Insurance companies know that when you need a filling or a crown, you need it now—you won’t be able to find out you need a crown, buy insurance, wait 12 months, and then get it taken care of. If you tried to do that, you’d probably suffer from a lot of discomfort and ultimately lose your tooth (and you’d have to pay full price for that extraction).
Even with employer-sponsored group plans, it’s important to scrutinize plan details to find out if it is cost effective for your particular situation.
Considerations for Group Plans
Surprisingly, even if your employer offers dental insurance, you might be better off skipping it. Many people assume that employer-sponsored benefits are automatically a good deal because you’re receiving a group rate, but this isn’t necessarily true.
When evaluating your employer’s dental plan, make sure to examine the monthly payments, the annual maximum, and the coinsurance. Your employer may offer you a great plan that’s only $20 a month to cover your entire family with a generous annual maximum, or a mediocre plan that’s $50 a month with a $1,000 annual maximum. With the former you can really benefit, but with the latter you could be wasting your money. Do the math for your own situation to determine whether you’re likely to come out ahead.
One situation where it can make sense to get dental insurance regardless of whether it seems like a good deal in the long run is if you are someone who is currently living from paycheck to paycheck with little or no money saved. When you don’t have dental insurance, you have to be able to pay a $1,600 bill when you have the work done (if not in full, then in prompt installments). If you can’t do it, and your options are to overpay for dental insurance, neglect your only set of teeth, or put dental work on a credit card that you’ll have trouble paying off, your best bet is to get the insurance. You’ll probably waste less money on insurance than you would paying interest on a credit card or letting your dental health deteriorate.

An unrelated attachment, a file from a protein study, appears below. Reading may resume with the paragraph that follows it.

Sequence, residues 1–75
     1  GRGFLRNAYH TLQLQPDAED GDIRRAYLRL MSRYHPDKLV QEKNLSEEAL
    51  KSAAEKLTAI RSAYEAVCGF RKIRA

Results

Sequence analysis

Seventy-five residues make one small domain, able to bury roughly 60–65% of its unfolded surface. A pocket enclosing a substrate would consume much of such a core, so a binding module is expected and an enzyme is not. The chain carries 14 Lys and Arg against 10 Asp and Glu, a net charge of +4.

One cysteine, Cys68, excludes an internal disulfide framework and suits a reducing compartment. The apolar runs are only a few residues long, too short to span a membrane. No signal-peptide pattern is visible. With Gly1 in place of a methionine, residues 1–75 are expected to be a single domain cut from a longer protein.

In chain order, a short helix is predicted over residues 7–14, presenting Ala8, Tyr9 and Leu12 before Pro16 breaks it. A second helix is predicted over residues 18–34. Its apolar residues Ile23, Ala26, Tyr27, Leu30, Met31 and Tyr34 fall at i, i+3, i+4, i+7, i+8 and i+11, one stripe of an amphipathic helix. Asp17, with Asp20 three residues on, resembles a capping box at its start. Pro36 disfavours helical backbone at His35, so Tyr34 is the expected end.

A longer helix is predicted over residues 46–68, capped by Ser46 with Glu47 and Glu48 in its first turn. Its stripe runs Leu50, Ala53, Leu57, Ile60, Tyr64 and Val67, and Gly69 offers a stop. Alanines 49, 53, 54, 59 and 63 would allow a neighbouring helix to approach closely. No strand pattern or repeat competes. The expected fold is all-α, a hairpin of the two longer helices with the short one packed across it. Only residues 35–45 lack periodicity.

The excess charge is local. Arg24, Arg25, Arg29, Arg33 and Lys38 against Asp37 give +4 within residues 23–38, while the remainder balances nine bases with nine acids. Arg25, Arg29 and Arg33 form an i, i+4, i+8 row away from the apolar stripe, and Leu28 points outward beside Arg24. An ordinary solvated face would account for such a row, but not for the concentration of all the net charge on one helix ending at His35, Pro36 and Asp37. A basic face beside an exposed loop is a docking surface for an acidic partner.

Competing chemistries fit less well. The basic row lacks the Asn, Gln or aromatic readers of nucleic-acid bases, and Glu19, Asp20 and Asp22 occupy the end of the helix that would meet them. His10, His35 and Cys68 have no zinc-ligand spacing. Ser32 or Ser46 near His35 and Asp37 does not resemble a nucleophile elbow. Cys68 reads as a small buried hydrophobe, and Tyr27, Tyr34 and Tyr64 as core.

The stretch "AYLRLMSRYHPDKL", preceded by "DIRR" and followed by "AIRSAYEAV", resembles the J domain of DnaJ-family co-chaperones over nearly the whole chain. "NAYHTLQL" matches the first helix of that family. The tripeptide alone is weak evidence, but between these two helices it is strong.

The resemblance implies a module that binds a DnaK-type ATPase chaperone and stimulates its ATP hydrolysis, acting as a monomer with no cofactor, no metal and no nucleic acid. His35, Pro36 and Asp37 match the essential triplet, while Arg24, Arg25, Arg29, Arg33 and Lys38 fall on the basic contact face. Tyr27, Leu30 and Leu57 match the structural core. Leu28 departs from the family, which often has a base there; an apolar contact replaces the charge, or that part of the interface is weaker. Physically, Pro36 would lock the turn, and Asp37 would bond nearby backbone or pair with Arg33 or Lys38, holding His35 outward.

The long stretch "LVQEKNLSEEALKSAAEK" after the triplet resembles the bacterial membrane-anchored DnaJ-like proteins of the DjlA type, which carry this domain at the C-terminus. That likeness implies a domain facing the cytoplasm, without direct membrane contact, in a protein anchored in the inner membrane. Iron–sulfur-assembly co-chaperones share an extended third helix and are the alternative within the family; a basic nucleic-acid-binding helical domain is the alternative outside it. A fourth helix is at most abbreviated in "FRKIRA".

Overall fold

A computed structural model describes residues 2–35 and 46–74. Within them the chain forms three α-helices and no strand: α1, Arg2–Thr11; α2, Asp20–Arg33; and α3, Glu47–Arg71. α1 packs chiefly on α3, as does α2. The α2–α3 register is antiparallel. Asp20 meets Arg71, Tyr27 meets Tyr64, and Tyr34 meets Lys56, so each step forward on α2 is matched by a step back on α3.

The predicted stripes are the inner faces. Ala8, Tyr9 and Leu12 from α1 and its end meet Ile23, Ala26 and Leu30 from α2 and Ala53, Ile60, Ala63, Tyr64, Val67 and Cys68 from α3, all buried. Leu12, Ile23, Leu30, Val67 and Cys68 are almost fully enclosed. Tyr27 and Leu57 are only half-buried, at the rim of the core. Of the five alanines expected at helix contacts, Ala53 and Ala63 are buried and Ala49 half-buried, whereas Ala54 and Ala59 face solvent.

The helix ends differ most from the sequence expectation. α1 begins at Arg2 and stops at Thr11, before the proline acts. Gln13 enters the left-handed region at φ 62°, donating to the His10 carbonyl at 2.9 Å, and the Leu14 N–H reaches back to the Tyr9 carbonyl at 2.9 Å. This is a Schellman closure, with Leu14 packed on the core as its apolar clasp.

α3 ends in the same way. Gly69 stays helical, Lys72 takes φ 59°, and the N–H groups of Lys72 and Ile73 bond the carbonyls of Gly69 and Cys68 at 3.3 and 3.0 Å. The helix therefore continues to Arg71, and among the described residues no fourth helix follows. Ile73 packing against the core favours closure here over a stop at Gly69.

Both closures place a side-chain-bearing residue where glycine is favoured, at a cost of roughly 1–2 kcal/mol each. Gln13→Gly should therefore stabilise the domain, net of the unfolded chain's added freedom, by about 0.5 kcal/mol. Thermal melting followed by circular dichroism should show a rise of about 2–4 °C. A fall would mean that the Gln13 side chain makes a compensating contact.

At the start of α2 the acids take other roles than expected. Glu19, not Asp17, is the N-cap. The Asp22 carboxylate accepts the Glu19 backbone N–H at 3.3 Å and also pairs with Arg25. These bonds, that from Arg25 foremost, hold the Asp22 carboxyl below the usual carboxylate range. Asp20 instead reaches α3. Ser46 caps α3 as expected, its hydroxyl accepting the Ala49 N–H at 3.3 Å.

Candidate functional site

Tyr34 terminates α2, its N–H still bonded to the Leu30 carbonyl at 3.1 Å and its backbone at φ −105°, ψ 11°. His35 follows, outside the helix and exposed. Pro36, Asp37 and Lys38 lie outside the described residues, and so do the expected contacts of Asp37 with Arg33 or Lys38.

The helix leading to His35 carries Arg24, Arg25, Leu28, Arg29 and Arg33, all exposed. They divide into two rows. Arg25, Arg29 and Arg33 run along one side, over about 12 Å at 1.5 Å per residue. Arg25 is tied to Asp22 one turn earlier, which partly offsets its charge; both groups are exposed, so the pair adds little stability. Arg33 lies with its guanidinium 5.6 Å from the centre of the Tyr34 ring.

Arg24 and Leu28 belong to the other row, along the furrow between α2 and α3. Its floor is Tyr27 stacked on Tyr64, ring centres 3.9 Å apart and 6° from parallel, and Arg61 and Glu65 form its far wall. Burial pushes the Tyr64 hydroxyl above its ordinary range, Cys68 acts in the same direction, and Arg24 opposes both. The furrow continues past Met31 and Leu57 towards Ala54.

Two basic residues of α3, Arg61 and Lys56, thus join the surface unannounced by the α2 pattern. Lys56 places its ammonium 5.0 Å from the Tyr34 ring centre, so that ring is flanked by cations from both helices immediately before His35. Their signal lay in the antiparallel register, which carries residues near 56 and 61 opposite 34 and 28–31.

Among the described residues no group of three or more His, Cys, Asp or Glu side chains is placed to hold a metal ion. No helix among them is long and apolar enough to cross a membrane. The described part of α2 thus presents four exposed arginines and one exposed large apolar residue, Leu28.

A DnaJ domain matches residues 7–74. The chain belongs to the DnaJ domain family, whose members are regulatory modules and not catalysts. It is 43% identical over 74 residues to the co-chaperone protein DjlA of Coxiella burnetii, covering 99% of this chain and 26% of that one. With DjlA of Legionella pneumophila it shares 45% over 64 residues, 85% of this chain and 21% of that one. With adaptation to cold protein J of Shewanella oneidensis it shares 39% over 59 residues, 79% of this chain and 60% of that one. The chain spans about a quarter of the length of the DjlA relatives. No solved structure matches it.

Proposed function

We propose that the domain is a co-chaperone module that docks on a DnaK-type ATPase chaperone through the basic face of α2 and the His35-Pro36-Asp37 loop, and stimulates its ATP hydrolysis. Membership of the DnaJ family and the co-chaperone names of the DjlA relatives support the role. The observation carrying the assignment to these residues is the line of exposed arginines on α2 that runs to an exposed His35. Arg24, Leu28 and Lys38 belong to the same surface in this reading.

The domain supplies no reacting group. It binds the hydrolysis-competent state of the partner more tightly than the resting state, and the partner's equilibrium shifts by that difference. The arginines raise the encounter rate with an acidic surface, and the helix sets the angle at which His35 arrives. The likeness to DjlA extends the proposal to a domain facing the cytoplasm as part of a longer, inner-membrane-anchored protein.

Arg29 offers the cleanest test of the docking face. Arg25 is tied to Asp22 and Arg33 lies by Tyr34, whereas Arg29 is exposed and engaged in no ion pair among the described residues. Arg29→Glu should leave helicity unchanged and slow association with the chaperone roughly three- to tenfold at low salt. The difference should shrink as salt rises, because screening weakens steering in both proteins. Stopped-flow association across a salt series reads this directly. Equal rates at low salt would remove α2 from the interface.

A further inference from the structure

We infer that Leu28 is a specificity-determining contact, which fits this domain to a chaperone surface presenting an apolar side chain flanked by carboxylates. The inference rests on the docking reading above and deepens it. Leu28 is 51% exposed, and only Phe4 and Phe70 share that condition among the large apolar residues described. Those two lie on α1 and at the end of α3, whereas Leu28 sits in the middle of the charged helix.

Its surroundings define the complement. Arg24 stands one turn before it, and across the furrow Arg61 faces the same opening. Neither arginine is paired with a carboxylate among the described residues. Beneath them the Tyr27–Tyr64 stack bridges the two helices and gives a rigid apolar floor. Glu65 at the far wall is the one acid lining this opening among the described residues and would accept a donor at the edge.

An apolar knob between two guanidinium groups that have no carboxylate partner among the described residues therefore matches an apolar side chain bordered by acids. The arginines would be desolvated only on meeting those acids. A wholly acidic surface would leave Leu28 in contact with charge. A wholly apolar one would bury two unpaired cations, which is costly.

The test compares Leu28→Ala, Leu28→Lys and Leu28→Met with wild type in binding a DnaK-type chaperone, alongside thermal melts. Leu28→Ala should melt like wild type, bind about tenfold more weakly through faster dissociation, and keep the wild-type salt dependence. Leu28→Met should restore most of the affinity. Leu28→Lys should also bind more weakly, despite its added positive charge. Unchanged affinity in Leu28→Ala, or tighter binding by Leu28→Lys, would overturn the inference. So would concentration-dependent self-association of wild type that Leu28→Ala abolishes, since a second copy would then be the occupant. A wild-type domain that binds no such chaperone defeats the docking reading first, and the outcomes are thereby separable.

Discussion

If you can’t participate in a quality group dental plan—either a preferred provider plan (PPO) or dental health maintenance organization (DHMO)—the best way to come out ahead on dental expenses may be to pay for everything out of pocket. Brushing and flossing regularly, switching to an inexpensive electric toothbrush, getting professional cleanings every six months, and going to a dentist who does high-quality work that lasts for years can be the most effective ways to save money in the long run.